The Free Tibet Movement is about Campaigning for Human Rights
Tibetans are currently in a dire state. They are being culturally, economically and politically oppressed by the Chinese government. The Tibetans are prevented from practicing their religion, living their traditional lifestyle, and engaging in politics. As a result, their culture is at risk. Their basic human rights are being violated and they live in a state of fear. The Free Tibet movement was created to bring awareness to the human rights violations and end the Chinese occupation of Tibet.
Prior to 1949, Tibet existed as an ethnically, linguistically, culturally and religiously distinct independent state. This changed in 1949 when the People’s Liberation Army invaded Tibet in a surprising and unprovoked attack. The Chinese government claimed the invasion was to liberate the Tibetans from their current militaristic regime, yet they failed to improve conditions for them. The Tibetans responded to this attack by creating a political movement across the country aimed at receiving autonomy from the Chinese government. The Chinese government responded to this movement with cruelty and violence.
The Chinese government is oppressing the Tibetans and violating their basic human rights. The Tibetans are not allowed access to appropriate education and over half the country is illiterate. They do not have adequate healthcare and the majority of Tibetans currently live in a state of poverty. Their traditional nomadic lifestyle was disrupted when the Chinese government started a relocation program to relocate Tibetan nomads. Not only did this stop the nomads from living their traditional lifestyle, but that lifestyle was the way the nomads provided for themselves and relocation threw many more into poverty.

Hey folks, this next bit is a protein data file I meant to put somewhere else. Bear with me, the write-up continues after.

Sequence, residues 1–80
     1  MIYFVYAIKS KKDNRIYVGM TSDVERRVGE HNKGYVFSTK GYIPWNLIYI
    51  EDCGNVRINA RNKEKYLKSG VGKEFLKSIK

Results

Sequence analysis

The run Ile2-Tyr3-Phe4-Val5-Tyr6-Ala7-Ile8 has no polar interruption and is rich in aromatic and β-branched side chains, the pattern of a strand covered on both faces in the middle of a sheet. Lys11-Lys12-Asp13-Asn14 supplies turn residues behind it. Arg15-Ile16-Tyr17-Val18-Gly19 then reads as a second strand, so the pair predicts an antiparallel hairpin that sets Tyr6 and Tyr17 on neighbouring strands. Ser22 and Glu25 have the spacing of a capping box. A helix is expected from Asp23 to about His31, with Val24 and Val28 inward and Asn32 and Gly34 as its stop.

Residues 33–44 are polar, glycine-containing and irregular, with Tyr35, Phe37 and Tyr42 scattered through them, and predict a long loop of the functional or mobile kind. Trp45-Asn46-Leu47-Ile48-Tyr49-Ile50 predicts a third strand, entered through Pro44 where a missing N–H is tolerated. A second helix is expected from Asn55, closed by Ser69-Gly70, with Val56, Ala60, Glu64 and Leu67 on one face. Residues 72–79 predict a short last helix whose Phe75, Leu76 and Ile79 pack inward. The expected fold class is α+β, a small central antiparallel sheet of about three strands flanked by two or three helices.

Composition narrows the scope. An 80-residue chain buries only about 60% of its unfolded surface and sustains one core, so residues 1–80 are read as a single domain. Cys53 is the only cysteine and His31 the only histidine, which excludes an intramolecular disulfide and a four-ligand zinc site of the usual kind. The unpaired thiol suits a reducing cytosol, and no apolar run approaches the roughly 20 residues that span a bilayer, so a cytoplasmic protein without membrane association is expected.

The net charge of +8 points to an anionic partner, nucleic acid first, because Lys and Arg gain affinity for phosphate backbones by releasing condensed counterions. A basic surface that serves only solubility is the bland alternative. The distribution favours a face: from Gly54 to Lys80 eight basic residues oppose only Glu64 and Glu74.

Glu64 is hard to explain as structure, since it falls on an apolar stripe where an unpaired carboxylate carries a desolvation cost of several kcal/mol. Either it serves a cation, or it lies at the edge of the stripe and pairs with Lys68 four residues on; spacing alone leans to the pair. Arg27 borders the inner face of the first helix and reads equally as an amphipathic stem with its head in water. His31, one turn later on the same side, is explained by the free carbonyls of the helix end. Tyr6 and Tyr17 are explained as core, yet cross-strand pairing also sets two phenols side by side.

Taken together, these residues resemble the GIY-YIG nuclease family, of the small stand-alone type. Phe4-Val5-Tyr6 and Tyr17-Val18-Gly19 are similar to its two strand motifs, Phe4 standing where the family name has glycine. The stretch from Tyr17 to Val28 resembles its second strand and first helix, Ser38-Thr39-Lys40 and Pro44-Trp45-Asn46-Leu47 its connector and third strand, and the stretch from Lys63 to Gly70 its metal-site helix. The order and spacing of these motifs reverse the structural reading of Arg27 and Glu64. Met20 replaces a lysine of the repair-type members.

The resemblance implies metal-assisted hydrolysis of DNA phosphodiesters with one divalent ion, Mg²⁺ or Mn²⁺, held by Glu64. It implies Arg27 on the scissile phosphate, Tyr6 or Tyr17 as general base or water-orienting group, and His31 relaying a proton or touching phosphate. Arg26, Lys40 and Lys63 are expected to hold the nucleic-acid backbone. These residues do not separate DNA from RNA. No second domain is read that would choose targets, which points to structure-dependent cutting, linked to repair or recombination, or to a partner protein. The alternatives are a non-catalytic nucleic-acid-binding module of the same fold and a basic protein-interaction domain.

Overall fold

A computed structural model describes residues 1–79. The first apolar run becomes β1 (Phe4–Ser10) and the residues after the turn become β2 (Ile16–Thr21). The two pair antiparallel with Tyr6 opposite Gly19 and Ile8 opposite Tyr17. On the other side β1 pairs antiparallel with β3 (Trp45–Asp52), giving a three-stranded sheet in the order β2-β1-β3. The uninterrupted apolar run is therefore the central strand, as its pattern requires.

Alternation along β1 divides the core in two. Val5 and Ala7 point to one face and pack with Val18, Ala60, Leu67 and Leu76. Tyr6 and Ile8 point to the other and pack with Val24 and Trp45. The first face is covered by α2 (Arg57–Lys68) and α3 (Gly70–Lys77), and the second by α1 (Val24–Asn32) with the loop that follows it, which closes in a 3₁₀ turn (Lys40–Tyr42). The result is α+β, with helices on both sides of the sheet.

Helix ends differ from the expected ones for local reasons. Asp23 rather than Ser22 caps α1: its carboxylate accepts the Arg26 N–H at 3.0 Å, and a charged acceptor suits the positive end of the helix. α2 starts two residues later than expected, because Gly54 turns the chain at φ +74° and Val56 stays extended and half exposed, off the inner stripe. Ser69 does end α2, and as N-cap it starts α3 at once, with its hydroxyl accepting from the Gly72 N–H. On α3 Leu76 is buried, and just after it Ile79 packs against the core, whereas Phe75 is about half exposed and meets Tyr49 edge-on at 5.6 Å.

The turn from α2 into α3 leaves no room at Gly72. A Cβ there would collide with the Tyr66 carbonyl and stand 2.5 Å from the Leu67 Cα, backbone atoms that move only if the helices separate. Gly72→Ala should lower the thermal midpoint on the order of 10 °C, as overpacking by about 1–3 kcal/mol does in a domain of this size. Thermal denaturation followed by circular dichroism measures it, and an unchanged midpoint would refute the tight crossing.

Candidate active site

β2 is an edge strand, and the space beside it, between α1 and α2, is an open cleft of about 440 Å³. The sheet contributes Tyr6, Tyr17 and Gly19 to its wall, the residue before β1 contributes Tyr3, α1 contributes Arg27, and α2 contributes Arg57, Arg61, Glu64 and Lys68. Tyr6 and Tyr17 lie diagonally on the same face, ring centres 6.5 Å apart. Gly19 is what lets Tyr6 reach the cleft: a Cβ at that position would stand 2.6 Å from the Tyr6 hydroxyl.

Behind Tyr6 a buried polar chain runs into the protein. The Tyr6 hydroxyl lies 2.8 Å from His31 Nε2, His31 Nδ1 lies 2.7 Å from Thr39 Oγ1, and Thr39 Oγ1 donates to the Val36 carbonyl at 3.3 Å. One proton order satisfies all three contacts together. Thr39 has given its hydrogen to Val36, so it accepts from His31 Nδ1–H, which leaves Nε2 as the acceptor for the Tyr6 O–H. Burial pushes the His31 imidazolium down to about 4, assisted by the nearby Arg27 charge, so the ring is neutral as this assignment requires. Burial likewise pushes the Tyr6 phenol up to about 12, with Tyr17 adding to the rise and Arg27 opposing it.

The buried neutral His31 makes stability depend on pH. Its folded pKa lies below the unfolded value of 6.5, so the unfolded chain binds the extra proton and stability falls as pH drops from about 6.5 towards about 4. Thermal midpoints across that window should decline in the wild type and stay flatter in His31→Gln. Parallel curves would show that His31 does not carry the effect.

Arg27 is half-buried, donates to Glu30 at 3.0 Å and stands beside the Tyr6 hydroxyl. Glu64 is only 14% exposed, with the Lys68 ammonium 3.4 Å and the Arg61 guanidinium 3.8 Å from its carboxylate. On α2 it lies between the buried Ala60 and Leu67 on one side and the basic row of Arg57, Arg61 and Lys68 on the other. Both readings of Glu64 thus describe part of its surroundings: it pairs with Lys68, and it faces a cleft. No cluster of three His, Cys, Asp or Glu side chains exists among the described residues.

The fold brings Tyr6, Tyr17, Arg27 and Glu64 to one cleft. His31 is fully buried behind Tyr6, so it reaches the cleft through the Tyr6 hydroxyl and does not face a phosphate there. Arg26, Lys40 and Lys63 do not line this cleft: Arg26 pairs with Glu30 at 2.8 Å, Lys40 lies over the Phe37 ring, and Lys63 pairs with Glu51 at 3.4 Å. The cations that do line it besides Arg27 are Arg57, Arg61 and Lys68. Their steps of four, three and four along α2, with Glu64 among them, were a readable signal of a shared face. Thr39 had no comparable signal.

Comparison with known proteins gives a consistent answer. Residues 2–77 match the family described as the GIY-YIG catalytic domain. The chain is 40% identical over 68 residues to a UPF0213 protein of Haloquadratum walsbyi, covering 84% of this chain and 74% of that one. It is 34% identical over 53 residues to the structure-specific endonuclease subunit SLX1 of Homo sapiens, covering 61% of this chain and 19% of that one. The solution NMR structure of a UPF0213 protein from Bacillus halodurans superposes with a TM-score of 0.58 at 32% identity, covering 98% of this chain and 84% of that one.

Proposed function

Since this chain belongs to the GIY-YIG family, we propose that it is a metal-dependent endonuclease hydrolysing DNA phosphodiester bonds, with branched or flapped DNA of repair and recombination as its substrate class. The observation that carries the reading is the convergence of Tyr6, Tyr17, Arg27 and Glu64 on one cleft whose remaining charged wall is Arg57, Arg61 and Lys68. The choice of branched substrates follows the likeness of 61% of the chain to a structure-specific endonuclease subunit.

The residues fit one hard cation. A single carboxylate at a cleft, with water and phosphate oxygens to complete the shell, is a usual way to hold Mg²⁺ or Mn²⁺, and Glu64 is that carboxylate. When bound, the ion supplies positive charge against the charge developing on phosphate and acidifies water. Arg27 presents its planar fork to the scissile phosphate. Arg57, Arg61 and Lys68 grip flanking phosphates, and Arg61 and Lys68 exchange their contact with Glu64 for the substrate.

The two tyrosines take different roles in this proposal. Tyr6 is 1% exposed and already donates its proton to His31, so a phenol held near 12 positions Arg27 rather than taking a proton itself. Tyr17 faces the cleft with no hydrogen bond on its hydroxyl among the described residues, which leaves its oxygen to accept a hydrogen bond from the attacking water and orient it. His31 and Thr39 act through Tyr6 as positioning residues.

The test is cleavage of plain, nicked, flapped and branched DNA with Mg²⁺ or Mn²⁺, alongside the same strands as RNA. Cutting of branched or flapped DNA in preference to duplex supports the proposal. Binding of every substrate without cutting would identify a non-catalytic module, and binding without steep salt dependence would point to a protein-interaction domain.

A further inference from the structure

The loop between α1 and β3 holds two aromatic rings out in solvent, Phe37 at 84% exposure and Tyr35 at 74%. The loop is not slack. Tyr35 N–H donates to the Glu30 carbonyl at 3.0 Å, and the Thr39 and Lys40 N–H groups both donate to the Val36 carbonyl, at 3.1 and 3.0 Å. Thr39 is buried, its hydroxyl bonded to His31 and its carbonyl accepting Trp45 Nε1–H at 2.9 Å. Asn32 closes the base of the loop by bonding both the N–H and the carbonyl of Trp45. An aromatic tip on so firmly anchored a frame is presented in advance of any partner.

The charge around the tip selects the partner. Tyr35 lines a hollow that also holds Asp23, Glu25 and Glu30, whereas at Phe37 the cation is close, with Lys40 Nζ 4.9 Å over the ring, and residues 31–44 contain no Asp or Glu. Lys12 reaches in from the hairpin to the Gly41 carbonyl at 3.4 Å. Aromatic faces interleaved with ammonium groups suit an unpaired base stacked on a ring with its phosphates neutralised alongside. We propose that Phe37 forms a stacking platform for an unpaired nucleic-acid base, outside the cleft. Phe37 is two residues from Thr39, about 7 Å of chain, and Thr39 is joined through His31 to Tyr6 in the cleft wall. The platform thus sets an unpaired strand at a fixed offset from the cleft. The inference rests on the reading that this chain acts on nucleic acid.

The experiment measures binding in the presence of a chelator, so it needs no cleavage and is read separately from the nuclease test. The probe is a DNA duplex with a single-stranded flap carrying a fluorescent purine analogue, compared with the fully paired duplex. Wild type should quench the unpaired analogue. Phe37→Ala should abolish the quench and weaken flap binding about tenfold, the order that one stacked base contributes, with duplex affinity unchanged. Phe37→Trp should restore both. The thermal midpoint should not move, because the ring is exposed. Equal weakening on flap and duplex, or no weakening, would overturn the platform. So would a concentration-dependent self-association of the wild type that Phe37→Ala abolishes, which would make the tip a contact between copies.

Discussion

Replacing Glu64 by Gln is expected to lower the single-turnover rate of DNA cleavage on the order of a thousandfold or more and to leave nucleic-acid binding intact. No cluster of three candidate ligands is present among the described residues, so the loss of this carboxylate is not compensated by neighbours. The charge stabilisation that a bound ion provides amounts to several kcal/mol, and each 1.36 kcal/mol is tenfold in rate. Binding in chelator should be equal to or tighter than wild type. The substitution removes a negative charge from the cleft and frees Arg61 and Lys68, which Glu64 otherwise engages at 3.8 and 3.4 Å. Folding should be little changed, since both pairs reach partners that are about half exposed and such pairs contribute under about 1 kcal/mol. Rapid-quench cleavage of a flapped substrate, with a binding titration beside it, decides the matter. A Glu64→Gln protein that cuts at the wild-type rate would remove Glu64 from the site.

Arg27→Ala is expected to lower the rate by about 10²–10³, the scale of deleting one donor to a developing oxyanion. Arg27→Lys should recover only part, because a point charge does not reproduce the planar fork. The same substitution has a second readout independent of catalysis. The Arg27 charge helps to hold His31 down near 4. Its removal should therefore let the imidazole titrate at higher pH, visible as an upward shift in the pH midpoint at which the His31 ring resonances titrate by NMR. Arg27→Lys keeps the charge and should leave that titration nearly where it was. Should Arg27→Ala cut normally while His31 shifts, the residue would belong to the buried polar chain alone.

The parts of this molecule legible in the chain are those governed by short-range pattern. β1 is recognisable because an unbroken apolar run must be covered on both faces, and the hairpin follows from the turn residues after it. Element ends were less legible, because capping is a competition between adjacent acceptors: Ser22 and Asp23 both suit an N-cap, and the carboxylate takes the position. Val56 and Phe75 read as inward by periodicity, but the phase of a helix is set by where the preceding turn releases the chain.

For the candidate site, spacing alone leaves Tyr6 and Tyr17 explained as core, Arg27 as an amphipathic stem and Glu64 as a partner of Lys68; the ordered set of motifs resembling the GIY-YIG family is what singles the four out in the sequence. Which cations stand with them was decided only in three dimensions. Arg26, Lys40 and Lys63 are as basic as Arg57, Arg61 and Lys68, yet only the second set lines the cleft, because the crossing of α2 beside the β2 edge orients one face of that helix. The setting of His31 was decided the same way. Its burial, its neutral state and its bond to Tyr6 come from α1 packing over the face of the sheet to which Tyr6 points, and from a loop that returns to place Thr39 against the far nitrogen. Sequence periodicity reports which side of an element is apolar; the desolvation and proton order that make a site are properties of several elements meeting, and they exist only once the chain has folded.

The Tibetans are prevented from practicing religion, which is an integral part of their culture. Currently, the Chinese government has destroyed over 6,000 monasteries and religious practices, ceremonies and icons are currently illegal. Tibetans are also prevented from any sort of political protest. Violating these rules results in swift and cruel punishment by the Chinese government. They use torture to control the Tibetans and enforce their laws. Prisoners are beaten, submerged in sewage, shocked, and put in labor camps. To date, over 1.2 million Tibetans have been murdered and the United Nations has labeled this killing as a genocide. The Tibetans live in a state of constant fear.
Since the Chinese occupation of Tibet, the Chinese have continually controlled the vast natural resources Tibet has to offer. China is not only controlling the agriculture, but it is also utilizing Tibet’s copper, iron and zinc to fuel its own growing country. They have depleted the forests in Tibet and many indigenous creatures are endangered as a result. China has stated that the increased use of natural resources has strengthened the Tibetan economy and provided many jobs, yet the jobs are given to the Chinese immigrants in order to strengthen China’s economy, and the Tibetans are often left unemployed. The Chinese government is concerned with utilizing the Tibetan land for Chinese colonization, rather than allowing for uses that would benefit the Tibetans. The Tibetans are unable to utilize their own land and resources as a source of economic income and have no say in how these resources are used. This form of oppression has led to poverty, unemployment and stunted economic growth.
The conditions the Tibetans are suffering are deplorable. The Chinese are denying the Tibetans their basic human rights. They are not allowed to live their traditional lifestyle, practice their culture or religion, or make any sort of protest without fear of torture and death. The Free Tibet movement is aimed at bringing an end to these violations by ending the Chinese occupation of Tibet. The movement aims at using peaceful action to allow the Tibetans to gain independence, practice their religion, and embrace their culture freely. At its core, the Free Tibet movement is about peacefully campaigning for the freedom of the Tibetans.